A massive line of violent thunderstorms are racing across the plains; spelling possible devastation and destruction in the lives of 1 in 5 Americans. 64 million people in 10 states will feel the impact of the storm. The gigantic storm system, packing fierce wind, large hail and intense lighting is rapidly moving from Iowa to Maryland.
Meteorologist voice dire warnings that the solid line of thunderstorms could span an unusual weather episode known as derecho. A derecho is described as a massive storm system comprised of strong straight-lines winds spanning a minimum of 240 miles. Derechos with sustained winds in excessive of 58 mph occur, on average, about once a year in the Midwest section of the United States.
Bill Bunting, operations chief at the National Weather Service’s Storm Prediction Center in Norman, Oklahoma said today’s storms are likely to generate multiple tornadoes, road closures and power outages. As the storms pass, many people in its path are likely to experience oppressive heat.
“It’s a pretty high threat,” Bunting announced. Bunting further warns the storm will produce large hail and dangerous lightning. “We don’t want to scare people, but we want them to be aware.”
The storms will move so fast that “by the time you see the dark sky and distant thunder you may have only minutes to get to safe shelter,” Bunting said.
Bunting advised that the risk of severe weather in Cincinnati, Chicago, Columbus and Indianapolis is 45 times greater than the typical risk on any June day. Bunting advised, “Detroit, Baltimore, Washington, Milwaukee, Pittsburgh and Louisville, Ky., have a risk level 15 times more than normal.”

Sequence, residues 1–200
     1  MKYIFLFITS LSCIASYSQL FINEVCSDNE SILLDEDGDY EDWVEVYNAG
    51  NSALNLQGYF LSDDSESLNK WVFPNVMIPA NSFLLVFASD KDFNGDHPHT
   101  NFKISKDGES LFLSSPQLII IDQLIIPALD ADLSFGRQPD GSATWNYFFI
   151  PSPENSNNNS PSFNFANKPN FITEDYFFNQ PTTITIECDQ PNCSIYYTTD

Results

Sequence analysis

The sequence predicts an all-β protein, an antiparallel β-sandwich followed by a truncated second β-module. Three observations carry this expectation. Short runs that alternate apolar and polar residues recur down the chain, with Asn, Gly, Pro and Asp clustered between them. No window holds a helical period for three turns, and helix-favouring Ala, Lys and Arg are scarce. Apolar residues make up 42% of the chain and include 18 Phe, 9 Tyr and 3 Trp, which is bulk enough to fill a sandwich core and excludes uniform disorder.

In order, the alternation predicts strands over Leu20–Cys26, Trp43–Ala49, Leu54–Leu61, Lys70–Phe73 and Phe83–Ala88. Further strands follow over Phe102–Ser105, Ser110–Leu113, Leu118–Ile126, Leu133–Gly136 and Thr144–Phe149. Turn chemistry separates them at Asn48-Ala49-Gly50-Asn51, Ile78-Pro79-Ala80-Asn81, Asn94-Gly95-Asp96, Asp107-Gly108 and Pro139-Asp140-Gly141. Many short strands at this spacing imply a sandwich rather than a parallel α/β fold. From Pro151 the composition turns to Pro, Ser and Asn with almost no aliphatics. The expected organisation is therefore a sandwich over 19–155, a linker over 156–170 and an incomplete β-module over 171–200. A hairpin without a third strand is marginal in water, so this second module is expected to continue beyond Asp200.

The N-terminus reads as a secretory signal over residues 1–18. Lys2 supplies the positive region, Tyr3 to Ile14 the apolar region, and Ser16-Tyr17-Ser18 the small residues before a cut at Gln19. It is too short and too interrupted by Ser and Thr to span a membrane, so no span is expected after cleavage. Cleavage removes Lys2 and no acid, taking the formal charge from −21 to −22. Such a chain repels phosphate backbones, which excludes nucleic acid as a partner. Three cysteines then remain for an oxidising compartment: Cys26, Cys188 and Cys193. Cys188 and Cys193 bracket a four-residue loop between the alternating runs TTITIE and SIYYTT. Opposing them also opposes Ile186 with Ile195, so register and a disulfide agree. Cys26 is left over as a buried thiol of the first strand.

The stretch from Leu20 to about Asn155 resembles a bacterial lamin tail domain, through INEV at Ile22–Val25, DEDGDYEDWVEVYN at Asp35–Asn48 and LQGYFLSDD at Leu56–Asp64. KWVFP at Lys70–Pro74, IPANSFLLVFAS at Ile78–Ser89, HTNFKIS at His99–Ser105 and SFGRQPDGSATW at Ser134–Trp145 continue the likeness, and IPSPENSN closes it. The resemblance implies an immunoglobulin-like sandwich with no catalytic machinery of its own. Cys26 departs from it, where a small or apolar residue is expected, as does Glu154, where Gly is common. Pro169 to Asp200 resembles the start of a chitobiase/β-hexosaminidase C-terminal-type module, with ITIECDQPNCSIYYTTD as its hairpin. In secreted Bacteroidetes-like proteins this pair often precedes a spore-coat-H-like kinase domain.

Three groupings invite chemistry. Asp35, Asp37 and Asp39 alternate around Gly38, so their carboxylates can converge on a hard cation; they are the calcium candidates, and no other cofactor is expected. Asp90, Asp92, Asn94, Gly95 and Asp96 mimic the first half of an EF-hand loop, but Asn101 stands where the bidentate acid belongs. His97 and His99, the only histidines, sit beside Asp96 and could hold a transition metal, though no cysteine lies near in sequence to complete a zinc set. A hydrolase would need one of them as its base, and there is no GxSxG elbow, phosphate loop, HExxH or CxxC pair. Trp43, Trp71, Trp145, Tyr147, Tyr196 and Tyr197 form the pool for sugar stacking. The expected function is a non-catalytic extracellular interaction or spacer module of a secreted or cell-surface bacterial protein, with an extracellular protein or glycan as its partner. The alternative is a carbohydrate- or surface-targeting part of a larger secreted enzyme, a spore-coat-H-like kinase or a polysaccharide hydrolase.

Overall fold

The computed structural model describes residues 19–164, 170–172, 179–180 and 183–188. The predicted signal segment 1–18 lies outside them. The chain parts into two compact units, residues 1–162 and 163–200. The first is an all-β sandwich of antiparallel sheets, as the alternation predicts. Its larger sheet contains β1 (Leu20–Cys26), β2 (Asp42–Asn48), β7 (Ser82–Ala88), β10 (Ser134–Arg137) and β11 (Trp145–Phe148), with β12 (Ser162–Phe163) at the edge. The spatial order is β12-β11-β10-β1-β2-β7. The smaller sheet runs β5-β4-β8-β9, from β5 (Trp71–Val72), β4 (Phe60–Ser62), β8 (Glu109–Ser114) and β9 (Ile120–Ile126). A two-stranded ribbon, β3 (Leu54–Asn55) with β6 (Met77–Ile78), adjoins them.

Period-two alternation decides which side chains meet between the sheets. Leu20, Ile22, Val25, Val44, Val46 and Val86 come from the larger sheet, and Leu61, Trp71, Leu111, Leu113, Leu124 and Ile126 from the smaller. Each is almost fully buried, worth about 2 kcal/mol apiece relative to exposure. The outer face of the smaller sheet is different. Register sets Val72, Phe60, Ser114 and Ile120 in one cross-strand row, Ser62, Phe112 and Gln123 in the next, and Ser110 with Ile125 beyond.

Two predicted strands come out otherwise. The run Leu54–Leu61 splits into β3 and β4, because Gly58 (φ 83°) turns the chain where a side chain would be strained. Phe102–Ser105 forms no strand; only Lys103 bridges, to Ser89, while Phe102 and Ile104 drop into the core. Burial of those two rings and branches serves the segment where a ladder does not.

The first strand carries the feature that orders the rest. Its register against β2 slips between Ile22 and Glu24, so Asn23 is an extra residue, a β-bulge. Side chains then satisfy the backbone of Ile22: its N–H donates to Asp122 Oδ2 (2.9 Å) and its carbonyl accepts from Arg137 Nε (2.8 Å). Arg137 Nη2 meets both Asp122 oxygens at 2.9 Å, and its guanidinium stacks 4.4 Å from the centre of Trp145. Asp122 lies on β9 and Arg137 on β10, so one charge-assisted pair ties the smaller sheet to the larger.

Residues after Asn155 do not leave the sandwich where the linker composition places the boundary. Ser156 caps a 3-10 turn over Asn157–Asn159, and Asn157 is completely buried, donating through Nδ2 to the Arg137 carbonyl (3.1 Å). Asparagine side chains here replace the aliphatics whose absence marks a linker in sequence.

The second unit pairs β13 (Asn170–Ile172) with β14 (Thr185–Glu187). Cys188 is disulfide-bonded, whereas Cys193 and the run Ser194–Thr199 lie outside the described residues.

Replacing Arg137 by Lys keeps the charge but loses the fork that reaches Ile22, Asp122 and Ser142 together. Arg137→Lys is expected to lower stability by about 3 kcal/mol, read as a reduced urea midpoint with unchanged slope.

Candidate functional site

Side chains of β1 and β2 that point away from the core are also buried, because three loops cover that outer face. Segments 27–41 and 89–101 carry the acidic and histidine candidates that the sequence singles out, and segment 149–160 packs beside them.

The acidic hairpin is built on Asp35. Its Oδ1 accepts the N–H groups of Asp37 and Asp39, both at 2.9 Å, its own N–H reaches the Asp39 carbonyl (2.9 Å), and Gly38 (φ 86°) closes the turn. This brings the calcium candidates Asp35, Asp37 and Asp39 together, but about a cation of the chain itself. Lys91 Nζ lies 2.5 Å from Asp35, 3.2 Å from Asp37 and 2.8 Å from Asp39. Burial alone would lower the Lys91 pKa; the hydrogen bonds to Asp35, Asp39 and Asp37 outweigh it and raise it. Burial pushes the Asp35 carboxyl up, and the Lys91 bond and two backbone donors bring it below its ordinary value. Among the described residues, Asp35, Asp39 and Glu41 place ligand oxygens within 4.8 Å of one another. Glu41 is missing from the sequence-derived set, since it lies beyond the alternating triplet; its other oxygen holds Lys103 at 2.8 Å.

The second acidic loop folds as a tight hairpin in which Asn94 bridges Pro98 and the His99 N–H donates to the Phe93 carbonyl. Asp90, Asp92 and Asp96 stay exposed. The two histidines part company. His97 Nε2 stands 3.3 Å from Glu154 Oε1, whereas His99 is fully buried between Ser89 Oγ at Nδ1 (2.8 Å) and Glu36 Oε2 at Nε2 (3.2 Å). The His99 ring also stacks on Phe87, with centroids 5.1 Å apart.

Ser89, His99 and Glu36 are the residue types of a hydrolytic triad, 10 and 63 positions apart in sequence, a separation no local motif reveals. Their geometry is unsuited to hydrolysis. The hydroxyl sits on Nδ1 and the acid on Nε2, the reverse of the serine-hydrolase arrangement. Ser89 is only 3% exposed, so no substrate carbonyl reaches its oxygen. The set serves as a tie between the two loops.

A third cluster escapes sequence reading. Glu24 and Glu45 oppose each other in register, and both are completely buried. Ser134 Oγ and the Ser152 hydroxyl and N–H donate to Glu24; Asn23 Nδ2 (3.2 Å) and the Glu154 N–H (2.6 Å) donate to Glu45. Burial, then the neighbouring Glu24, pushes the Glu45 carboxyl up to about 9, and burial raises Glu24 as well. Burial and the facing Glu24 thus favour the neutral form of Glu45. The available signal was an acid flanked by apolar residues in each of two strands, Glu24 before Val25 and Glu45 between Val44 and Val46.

Jeff Masters, meteorology director at Weather Underground stated, “Wednesday might be the worst severe weather outbreak for this part of the country for the year” said Jeff Masters, meteorology director at Weather Underground.
Just a year ago, a derecho rampaging from Chicago to Washington, killed 13 people, left 4 million without power and caused more than $1 billion dollars in damage.
Although tornadoes and even a derecho can occur without warning, at any time, the straight-line winds expected today can be especially destructive.
The National Weather Service anticipates the storms will commence late morning into early afternoon around the Chicago area, moving easterly at approximately 40 mph. If the storm remains intact as it crosses the Appalachian Mountains, arrival in the Washington area is anticipated for late afternoon or early evening.
Residents of the affected areas are urgently encouraged to be prepared to seek shelter and to pro-actively take steps to protect persons, pets and property. Act wisely and stay safe.
By: Marlene Affeld